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Living in Costa Rica: Adapting to a New Life

Traveling to Costa Rica can seem like paradise dreams and a vacation life. Why wouldn’t it be? With its tropical beaches, jungle paradise, and coconuts for days. But let’s not be naïve, every place on Earth takes a bit of adjustment as glorious as it may first seem.

The things you have to get used to in Costa Rica are by no means difficult, they are actually fun in a way and all part of the adventure. You just need to have an open mind, be relaxed, and be up for the change. It is then that you will come to love the quirks of Costa Rica and all becomes your new normal wondering how you ever lived any differently.

Creepy Crawly Critters

You will see things crawling and flying through your home that you never even knew existed. The size of them may have you wondering if you’ve fallen into a scene of Jumanji. But for the most part, they are harmless. You are more scared of them than they are of you.

And scared you probably will be at first. I have had tarantulas with their long legs sticking out from under my fridge, scorpions, spiders that are as big as my palm at times, and an iguana sharing the bathroom with me.

Toads using my doorways as their freeway, frogs leaping from one curtain to another, even one in my toilet which came to be a bit of shock. But none are out to harm and you just let them be on their way or assist them out the door.

Plenty of centipedes and millipedes, bugs flying violently at the lights in the evenings, dragonflies, the dreaded cockroaches, and the sounds of geckos above you in the night. You haven’t seen a grasshopper until you have seen the ones in Costa Rica.

Displaying an incredible size and their distinguished-looking design resembling somewhat of a dapper formal party attire and neckpiece. Often you don’t even need to leave your home to learn about the bugs of Costa Rica, they are right there in your home.

The “cleaner ants” that come through your home can take you by surprise on their first visit and invoke some serious fear. As if some invasion in a horror movie is about to take place and you don’t know how you are going to battle the army of them.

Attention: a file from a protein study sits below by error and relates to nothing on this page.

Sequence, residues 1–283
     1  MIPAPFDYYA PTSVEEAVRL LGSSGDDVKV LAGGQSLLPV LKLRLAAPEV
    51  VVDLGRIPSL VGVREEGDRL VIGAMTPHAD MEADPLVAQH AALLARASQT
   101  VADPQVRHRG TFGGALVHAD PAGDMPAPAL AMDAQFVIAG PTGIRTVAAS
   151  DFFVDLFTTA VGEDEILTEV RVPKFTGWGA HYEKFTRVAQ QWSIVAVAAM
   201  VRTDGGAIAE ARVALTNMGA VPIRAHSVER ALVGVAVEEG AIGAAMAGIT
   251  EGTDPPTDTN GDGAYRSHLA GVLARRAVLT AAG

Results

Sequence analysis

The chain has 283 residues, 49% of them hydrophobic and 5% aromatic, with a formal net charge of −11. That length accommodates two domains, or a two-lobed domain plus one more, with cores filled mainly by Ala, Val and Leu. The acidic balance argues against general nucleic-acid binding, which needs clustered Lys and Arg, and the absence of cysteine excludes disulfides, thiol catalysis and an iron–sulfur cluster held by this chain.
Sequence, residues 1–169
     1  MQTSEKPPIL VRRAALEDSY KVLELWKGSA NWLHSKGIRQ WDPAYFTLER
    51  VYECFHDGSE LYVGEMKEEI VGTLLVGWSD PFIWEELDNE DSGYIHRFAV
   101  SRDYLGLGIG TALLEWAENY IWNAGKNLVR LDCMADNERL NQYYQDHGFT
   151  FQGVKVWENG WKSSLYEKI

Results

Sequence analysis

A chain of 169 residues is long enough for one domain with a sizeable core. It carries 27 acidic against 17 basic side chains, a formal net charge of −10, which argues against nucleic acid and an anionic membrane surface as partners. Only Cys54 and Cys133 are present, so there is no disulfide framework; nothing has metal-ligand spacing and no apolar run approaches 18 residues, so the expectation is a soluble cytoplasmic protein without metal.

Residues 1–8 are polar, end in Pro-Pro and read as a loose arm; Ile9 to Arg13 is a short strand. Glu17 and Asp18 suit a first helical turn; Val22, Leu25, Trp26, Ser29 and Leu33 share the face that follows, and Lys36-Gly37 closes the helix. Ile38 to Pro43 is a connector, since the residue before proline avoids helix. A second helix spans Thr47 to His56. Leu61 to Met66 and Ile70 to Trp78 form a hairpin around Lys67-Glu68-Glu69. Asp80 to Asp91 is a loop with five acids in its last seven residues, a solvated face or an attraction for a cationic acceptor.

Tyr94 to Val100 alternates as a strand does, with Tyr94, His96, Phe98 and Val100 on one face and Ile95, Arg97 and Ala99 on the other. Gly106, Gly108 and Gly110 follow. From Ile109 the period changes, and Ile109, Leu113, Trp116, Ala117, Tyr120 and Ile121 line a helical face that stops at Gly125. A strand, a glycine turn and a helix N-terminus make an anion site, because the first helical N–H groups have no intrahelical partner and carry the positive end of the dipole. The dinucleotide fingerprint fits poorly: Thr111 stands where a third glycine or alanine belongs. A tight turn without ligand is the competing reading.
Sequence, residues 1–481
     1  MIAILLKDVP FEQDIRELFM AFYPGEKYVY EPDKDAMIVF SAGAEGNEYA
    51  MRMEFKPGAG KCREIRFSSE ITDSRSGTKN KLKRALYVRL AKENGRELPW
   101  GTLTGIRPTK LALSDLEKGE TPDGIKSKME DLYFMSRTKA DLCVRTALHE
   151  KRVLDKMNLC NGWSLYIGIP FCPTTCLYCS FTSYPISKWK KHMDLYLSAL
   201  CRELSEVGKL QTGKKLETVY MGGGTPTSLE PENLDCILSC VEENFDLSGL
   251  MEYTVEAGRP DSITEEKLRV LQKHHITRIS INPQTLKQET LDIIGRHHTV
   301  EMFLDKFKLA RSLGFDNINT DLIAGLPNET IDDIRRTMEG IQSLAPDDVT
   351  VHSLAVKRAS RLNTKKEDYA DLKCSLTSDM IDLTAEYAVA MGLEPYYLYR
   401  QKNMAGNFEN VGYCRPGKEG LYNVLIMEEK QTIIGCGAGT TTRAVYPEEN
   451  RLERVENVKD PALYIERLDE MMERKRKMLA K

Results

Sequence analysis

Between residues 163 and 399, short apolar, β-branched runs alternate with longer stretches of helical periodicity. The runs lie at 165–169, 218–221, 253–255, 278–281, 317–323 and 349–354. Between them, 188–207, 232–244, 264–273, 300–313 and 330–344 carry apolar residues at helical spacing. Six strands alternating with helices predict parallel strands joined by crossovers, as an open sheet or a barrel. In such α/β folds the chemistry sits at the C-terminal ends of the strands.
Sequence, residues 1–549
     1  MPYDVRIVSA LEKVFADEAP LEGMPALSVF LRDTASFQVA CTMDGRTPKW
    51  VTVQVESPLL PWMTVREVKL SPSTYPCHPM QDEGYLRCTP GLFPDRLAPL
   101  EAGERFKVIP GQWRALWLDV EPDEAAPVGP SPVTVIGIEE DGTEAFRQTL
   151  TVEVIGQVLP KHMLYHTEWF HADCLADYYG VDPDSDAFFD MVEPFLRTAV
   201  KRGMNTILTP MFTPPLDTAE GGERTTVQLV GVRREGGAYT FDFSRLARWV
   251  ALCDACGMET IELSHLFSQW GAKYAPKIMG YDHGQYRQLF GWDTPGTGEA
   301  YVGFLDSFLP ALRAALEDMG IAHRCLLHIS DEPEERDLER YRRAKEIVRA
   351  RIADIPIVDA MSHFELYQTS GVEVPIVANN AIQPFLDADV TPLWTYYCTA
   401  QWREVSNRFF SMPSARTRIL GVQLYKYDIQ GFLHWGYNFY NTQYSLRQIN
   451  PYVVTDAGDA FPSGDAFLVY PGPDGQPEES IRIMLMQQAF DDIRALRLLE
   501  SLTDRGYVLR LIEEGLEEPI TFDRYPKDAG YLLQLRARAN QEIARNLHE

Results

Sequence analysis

To Ticos they are welcomed, it is time for the seasonal cleaning and just them go about their work, just be warned, do not get in their way or it does sting. They can last hours to a day or two, but they then march on out on their merry way to the next home.

Goodbye Long Soaks in the Tub, Hot Water and Beware of Killer Showerheads

I’m not saying no more bathing! But bathtubs don’t seem to be a common household fixture in Costa Rica, especially outside of the cities. Goodbye long soaks in the tub and bubble bath dreams.

Hello, cold showers in some parts of the country especially if you are renting. Many of the more rural and non-tourist destinations function just fine without hot water. I know myself I have been living without it for over a year and some days I am grateful for it and can’t wait to cool off.

In other places, I have had my day of reckoning with what is come to be known as the “suicide shower.” I remember so vividly being alone in my new place, coming face to face with the fear and shower of death. I know many of us have taken that leap of faith and said our potential last words to the shower gods.

The trick is to not keep making eye contact with it and when in doubt don’t touch things. Get in do your scrubbing and get out. It just looks a lot worse than it truly is. I always have made it out alive and like all things in Costa Rica, it just becomes another part of daily life here.

However, if things do look a little off, perhaps bare wires that really could be getting wet, then it’s better to reach out to the landlord and feel silly than your other option…

Hello Darkness, My Old Friend

There is no spring-forward, fall-back, or late-summer nights here. Every day darkness returns by 6 pm, it doesn’t matter what time of the year it is. No more evening walks on those warm summer nights that many enjoy after dinner depending on the safety of where you are living.

Or for those that don’t like to drive at night things have to be cut short and planned accordingly.